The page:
You don’t need to watch MotoGP in order to hear the term “dragging knee.” It’s a well-known term among motorcycle enthusiasts who like the thrill of twisty roads and track riding. However, what exactly is dragging your knees on the road while riding? What makes it so special with riders and why the heck do people make such a big deal about it?
What is “dragging knee?”
Dragging a knee necessitates that you’re still on the bike, and riding. Scraping your knee because of a crash does not count as going knee-down into a corner, that counts as just going down.
It’s common knowledge that motorcycles lean in order to turn, and to do so your body naturally gets closer and closer to the pavement. Experienced riders tend to extend their legs out in order to get a feel for their lean angle. Knee dragging can be used to get a feel for the lean angle of a motorcycle through a corner. Once you start dragging your knees, that means that the tires are approaching their maximum-possible lean angle, and dragging a knee can give you another sense of how far the motorcycle is leaned over.
Why is dragging knee a big deal?
If you frequent twisty roads with other riders, you may hear the term thrown around especially with the faster crowd. It takes a lot of practice to get your motorcycle leaned over low enough so you can drag. It also takes a good amount of speed and a capable set of tires. Dragging knee has become some sort of badge of honor for riders.
You need to have the proper riding posture and body position in order to induce enough lean angle and set your knee up to kiss the asphalt. In other words, you’d have to be a good rider in order to get enough speed and lean through a corner. Again, it’s a badge of honor for a lot of riders to drag a knee because that means you’re doing something right and taking advantage of everything the bike has to offer.
Should you drag knee through corners?
If you ask the question “do you need to drag your knee?” then the answer is no. Don’t try to force a knee-drag as well because that is a recipe for disaster. Without proper training and practice forcing your knee to go down as low as possible will perch you up on your motorcycle in an awkward position, and it might upset the balance of the bike through a turn. Also, if you lose traction slightly, there is a big chance that you will find it hard to regain control.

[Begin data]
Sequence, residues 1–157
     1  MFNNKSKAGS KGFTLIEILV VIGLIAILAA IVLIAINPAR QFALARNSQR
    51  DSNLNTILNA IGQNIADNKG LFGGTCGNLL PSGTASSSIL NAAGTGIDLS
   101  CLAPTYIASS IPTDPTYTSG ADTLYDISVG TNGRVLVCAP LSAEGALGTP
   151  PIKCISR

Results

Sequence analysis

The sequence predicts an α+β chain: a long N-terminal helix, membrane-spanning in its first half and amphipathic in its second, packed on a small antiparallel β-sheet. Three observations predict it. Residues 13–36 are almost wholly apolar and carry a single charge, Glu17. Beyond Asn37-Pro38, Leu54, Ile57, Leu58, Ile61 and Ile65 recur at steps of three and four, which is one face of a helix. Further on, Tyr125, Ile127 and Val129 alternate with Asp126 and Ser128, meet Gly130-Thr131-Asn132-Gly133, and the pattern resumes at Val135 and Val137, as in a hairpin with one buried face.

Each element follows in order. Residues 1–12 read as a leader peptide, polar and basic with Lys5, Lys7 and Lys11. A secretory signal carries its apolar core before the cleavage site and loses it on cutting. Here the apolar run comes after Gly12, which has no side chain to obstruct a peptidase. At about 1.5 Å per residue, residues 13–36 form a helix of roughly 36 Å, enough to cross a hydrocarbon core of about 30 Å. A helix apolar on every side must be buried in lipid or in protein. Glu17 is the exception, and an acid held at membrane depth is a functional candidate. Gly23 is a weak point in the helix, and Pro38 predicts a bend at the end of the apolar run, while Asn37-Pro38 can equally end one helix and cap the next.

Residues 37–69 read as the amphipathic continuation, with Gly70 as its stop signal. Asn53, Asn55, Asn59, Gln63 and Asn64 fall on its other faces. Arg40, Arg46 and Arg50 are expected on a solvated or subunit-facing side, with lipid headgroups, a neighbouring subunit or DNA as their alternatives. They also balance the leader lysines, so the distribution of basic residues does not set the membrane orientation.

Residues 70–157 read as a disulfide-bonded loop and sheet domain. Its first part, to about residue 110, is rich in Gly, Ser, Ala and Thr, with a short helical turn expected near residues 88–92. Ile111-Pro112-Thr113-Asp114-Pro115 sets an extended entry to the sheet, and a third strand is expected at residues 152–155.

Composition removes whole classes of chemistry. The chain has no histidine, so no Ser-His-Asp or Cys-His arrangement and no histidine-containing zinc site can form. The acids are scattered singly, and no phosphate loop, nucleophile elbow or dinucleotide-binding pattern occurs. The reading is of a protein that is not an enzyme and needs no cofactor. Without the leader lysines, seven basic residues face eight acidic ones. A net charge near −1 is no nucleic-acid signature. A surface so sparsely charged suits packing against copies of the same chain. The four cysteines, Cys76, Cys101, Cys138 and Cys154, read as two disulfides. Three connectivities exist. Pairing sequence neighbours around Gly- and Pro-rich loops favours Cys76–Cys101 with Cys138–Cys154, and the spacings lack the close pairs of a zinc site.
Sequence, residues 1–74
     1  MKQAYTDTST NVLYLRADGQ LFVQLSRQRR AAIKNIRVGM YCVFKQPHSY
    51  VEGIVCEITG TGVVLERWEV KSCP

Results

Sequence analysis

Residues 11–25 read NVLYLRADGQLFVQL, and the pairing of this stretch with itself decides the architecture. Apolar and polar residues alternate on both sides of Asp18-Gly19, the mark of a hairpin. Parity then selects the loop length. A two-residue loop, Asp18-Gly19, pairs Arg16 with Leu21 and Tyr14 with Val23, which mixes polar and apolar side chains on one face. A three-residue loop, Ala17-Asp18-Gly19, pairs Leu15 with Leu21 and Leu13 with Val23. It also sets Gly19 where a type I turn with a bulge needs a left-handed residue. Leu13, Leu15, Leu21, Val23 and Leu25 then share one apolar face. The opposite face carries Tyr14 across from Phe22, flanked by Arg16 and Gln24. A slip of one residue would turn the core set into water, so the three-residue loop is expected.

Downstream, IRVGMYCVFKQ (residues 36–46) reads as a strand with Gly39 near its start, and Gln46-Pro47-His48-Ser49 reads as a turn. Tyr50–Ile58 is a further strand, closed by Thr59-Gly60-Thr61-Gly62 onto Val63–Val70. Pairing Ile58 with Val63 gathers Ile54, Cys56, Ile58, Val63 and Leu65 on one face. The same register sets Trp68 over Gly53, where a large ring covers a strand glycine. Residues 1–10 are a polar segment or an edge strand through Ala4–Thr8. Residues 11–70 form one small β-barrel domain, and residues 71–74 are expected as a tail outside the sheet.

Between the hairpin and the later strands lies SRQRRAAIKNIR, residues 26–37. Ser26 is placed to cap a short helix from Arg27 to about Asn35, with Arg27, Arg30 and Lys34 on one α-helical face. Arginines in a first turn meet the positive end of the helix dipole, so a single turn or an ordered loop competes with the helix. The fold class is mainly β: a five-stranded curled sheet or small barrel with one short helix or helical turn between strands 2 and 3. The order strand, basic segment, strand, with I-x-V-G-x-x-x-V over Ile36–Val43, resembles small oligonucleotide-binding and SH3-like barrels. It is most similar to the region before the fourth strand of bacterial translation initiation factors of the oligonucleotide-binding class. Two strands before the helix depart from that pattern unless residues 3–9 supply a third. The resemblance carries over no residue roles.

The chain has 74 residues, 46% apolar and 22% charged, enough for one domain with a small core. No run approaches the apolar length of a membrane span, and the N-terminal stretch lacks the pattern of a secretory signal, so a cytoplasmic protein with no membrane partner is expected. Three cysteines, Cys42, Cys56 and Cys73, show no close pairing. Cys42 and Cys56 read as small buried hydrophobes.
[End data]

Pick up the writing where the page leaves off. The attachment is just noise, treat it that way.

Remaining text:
It’s important that you ease into the act of dragging a knee because there are so many other skills that have to be up to snuff in order for the drag to be executed properly and safely. In other words, there are other skills that you have to master first before a knee drag can be achieved. Think about it this way, dragging knee is basically the result of a lot of practice and familiarity with riding a motorcycle. It’s the culmination of all the hours of riding and taking turns with finesse.
Before you drag, however, try and find a good pair of riding pants with built-in pucks so you don’t end up ripping through your favorite pair of riding denim. Either that or you can go for an external set of pads and sliders that will go on the outside of any pair of jeans.
Important notes on how to drag knee
It’s not just about countersteering in this scenario, of course it plays a part but other factors must be in play while you are turning in order to get low enough.
Also, you don’t want to drag knee on a bike that is not made for such high lean angles. Sportbikes, sport nakeds, and even sport tourers are probably the easiest to drag knee on because these bikes come with grippy tires and chassis and rider geometries that make it easier to get low. However, you can still certainly drag knee on a big adventure bike. Trust us, we’ve seen quite a few riders get low on even dual-sport tires, and it’s quite a sight to see. That doesn’t mean that you should go out and try it yourself, however.
- First, your speed must be just right. Not too fast or too slow. You need to be going at a fast enough speed in order for you to need all that lean angle. On top of that, the corner must be tight enough for you to need to turn that sharply.
- Second is your throttle control. Make sure that your throttle hand is as smooth as can be, and make sure that you don’t jerk it while turning, otherwise you will end up losing traction. Make sure that you also give your bike some throttle through the turn to keep the suspension and tires loaded. Once you’re at the corner exit, make sure to roll the accelerator smoothly.
- Third is your body position. Remember, do not force your knee to touch the ground. Doing so will potentially upset the bike and it can cause a crash. First thing’s first, you need to look where you want to go, point your elbows in the direction that you want to turn, point your chest into the direction of the turn, and extend your head out to the handle bar that you’re countersteering on.
- Fourth is also covering body position, but with regard to your legs. Make sure that your toes and on the foot pegs. Doing this will put you in an optimal position to rotate your knee out slightly to set yourself up for a proper knee drag. Pair this all together and you have yourself the opportunity to drag knee and earn your badge of honor.
Remember though, just drag responsibly, and ride safe.